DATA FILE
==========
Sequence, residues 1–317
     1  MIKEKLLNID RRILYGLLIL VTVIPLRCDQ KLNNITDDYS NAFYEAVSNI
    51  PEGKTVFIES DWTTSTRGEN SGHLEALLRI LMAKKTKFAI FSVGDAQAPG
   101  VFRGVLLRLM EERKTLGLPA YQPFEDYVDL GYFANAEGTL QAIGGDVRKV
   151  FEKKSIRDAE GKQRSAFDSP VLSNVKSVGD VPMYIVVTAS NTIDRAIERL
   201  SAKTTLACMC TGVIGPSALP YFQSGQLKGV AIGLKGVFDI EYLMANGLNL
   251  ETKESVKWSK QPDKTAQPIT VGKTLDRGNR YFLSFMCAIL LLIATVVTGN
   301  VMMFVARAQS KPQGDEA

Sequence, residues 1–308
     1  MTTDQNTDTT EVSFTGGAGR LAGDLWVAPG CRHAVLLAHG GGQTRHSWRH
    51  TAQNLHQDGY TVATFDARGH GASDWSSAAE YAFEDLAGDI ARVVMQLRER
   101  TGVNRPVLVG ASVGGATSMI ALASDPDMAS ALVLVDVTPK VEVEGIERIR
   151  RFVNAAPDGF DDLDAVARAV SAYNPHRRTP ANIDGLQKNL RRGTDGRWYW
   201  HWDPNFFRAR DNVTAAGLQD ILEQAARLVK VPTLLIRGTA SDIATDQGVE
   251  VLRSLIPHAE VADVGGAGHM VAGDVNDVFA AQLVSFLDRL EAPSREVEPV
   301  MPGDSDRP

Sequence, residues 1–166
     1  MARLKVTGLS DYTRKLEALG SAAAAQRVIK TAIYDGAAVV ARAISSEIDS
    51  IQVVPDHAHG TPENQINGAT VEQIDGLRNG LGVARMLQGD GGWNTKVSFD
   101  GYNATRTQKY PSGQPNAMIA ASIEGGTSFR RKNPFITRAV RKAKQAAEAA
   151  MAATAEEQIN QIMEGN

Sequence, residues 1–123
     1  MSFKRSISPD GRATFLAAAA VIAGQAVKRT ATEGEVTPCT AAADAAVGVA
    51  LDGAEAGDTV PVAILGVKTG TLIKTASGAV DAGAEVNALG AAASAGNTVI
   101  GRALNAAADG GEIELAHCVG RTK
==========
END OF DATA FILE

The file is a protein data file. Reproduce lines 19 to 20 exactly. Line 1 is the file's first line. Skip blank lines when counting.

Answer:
    51  IQVVPDHAHG TPENQINGAT VEQIDGLRNG LGVARMLQGD GGWNTKVSFD
   101  GYNATRTQKY PSGQPNAMIA ASIEGGTSFR RKNPFITRAV RKAKQAAEAA